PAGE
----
Atlas Shrugged: The Mocking

Tuesday, October 12, 2010

The Real Scandal




Ordinarily we try to ease the reader into the cesspool that is the work of Megan McArdle, but today you're on your own.

The Real Scandal of the Foreclosure Mess
The story on the foreclosure mess has become a bit overblown in some tellings. It's clear that banks have been taking some shortcuts in preparing their foreclosure documents.

Like not doing the paperwork to legally transfer the title. Courts are very particular when it comes to filling out the paperwork correctly. If you don't fill out the paperwork correctly the court doesn't know if you're lazy or dishonest, they just know that you haven't followed the law and there will be consequences.

The banks are obviously overwhelmed with the volume of foreclosures, and the (apparently) many instances in which sloppy securitization has resulted in lost paper trails, obscuring who, exactly has a right to foreclose. Rather than seeking legislative or judicial clarification, they've resorted to dubious practices that seem (to my non-legally-trained eye) illegal.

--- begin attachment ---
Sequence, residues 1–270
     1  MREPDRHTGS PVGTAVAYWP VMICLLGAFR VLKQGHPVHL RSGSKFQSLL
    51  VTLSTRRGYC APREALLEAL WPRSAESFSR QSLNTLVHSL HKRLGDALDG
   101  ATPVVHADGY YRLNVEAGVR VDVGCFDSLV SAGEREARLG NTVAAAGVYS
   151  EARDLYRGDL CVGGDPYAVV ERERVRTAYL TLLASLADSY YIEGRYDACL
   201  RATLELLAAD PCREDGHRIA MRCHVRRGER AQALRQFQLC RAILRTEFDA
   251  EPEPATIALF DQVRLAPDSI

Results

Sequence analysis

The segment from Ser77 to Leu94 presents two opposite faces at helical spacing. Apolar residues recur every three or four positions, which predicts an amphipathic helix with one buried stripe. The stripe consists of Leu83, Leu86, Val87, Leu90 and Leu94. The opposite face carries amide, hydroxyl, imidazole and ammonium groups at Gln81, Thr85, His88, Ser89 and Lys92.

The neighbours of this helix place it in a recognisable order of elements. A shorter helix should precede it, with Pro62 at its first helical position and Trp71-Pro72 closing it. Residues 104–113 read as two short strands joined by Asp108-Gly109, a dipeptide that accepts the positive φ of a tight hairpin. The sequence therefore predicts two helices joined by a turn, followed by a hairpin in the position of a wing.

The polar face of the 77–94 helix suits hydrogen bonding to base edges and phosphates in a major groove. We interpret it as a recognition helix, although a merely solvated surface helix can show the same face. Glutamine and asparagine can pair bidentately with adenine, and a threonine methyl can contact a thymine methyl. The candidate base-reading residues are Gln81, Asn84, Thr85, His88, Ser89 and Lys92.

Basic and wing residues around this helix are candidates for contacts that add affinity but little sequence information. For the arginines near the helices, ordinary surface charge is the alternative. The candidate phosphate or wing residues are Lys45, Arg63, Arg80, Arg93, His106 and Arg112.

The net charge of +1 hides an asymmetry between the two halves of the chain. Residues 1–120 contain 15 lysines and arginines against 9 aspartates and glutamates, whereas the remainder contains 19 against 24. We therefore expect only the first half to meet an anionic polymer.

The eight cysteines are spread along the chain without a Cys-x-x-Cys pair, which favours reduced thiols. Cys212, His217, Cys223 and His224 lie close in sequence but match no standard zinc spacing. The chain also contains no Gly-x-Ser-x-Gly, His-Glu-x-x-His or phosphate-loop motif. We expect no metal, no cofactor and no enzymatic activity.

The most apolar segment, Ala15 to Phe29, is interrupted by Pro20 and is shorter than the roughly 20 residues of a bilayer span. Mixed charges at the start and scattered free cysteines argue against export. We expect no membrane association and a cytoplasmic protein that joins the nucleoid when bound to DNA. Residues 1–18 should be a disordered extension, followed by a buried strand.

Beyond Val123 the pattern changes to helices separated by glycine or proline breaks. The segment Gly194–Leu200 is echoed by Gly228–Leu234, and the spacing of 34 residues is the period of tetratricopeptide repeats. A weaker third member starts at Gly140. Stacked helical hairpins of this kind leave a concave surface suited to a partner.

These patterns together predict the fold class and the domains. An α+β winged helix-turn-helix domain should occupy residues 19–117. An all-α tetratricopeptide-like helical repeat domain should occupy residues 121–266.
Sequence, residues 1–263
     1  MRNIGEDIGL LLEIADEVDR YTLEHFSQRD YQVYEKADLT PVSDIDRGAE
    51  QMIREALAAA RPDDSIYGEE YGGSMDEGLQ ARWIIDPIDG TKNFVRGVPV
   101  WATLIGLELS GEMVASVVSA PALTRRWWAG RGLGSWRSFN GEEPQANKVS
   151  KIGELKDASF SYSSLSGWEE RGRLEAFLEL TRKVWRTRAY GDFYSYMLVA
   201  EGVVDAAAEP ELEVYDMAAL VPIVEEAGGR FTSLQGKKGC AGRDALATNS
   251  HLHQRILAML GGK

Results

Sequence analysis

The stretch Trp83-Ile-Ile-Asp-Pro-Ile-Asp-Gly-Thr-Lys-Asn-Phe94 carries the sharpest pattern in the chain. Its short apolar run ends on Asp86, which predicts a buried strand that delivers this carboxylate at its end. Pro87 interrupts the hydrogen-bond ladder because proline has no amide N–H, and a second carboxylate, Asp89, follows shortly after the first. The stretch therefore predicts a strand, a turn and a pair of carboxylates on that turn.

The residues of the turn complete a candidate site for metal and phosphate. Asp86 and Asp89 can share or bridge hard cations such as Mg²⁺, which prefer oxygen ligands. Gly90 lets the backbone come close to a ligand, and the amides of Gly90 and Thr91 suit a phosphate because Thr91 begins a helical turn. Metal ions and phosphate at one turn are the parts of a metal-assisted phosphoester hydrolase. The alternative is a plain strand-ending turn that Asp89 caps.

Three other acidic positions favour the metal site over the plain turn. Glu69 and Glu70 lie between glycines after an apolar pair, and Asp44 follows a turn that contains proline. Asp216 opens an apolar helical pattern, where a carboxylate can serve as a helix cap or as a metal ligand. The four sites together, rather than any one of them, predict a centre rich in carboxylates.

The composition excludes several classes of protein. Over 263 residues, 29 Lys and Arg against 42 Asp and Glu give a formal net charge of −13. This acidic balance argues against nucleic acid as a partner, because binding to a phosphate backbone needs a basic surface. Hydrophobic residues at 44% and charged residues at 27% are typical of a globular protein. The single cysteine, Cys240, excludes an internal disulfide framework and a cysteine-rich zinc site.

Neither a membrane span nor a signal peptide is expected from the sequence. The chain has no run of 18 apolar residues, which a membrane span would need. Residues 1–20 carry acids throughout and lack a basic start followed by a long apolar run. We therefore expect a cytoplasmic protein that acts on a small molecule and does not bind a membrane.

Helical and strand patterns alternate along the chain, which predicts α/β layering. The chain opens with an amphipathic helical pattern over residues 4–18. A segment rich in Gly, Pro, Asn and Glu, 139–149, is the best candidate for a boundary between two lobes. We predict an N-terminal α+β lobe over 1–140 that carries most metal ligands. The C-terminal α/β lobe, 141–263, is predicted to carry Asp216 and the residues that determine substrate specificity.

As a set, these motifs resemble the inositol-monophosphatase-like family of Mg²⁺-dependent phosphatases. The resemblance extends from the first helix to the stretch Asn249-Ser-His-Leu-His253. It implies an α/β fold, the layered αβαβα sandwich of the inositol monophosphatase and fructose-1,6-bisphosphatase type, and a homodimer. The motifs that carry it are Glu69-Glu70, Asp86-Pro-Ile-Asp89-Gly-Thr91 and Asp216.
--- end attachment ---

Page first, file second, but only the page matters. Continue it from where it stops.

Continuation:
Yes, if you don't legally own a house, you don't own it. That's so people can't just go around and take other people's property. For instance, McArdle just bought a house. If McArdle didn't have the title of the property transferred to her name, she doesn't own the property. And if she were to be shit-canned by The Atlantic to make way for a younger, more telegenic ecnoblogger (God forbid!) and P. Suderman, boy bride, were to be the sole resource for paying off the house, the car, the student loans and their expenses, she just might find herself in need of the laws regarding transfer of title after all.

That is bad.

It's big of McArdle to admit this, but we are dealing with banks, so we know that allowances must be made, somewhere and somehow. How will McArdle wiggle her way out of this dilemma? She loves owning things and just bought a house after years of pining for one, yet the banks want to take houses away from people. But these are banks, which are the most important institutions in the entire history of the universe. How will McArdle reconcile these two colliding worlds??

But as Arnold Kling points out, there's little evidence that this has resulted in improper foreclosures: evicting people who've paid, or who never had a mortgage with your company.

Ah, her usual method: bait and switch. She switches from talking about invalid foreclosures due to illegal transfers of title to talking about invalid foreclosures due to other issues. Now she can claim that the whole problem isn't very serious after all since the other issues aren't serious, according to her.

Anectdotally, these things do seem to have happened, but there's no evidence that they're frequent, or that they are connected to the procedural irregularities that we're now discovering with foreclosure documents.